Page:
For some, the word may conjure images of extraterrestrial creatures with huge eyes and too-long limbs, but in California, the word won’t be associated with immigrants anymore.
On Aug. 10, Gov. Jerry Brown signed a set of bills that remove the word “alien” from the state’s labor code because it can be seen as a derogatory term for immigrants. The term has been in use since 1937, but it will be retired when the law takes effect on Jan 1, SCPR reported.
“Alien is now commonly considered a derogatory term for a foreign-born person and has very negative connotations,” Democratic state Sen. Tony Mendoza of Artesia, the author of the bill, told the Los Angeles Times. “The United States is a country of immigrants who not only form an integral part of our culture and society, but are also critical contributors to our economic success.”
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Though the term is sill present in federal laws, but a growing number of people consider it inappropriate. “The concern is that the use of the word ‘alien’ would dehumanize the people affected” and lead to “lack of protections under the law,” said Kevin R. Johnson, dean of Public Interest Law and professor of Chicana/Chicano Studies at UC Davis.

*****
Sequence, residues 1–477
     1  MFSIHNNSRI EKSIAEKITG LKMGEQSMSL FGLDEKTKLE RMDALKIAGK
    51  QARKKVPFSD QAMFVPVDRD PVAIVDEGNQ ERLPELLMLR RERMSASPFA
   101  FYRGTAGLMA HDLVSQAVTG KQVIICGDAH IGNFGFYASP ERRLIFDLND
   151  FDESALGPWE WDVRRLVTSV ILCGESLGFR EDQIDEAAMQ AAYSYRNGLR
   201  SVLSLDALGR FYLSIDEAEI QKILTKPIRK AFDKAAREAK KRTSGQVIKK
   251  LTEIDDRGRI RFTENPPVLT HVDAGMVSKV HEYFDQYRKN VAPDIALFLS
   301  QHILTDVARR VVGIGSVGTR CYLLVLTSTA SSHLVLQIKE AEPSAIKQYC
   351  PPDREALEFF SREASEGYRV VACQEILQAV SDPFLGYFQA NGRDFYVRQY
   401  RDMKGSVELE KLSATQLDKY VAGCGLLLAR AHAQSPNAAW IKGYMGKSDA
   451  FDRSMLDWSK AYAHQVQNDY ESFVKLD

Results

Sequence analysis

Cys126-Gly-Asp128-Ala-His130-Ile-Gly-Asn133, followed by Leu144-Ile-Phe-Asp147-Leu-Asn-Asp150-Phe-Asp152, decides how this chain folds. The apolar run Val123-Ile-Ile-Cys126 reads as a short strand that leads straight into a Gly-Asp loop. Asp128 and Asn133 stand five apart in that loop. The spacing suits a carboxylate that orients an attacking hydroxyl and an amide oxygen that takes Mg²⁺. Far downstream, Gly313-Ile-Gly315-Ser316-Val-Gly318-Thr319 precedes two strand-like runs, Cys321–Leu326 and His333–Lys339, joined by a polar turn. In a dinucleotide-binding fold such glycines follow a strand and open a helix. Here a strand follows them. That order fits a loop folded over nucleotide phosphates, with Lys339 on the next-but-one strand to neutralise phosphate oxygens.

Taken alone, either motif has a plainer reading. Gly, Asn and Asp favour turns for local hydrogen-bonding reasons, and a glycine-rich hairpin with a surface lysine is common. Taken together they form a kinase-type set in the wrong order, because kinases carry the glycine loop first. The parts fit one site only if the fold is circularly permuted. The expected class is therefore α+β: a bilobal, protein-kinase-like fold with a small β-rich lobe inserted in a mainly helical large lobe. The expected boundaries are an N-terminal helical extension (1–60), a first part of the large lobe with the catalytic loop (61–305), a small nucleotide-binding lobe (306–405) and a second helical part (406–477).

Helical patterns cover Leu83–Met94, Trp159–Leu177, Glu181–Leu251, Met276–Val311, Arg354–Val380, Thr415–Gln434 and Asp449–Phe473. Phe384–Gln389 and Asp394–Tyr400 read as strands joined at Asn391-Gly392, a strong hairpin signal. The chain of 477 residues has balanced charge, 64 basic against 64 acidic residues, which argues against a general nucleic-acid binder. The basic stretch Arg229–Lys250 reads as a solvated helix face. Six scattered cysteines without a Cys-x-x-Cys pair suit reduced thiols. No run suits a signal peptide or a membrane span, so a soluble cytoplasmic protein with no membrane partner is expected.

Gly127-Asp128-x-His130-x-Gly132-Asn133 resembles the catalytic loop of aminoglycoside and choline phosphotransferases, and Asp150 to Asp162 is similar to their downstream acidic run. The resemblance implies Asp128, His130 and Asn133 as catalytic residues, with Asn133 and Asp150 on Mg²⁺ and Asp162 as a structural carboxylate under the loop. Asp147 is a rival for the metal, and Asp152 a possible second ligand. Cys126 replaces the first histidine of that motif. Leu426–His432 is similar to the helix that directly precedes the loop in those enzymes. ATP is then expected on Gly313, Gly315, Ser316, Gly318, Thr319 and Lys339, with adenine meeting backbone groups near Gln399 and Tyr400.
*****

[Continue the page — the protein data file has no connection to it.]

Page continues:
Though the use of the term ‘alien’ has only recently fallen out of favor in the context of the law, for the last several years the media has started using other words. In 2013, Pew Research Center found just 5 percent of media outlets used the term “illegal alien” that year, compared to 21 percent six years earlier. The Associated Press guidelines, which are considered the industry standard for style, also state that “illegal alien” shouldn’t be used in reference to immigrants.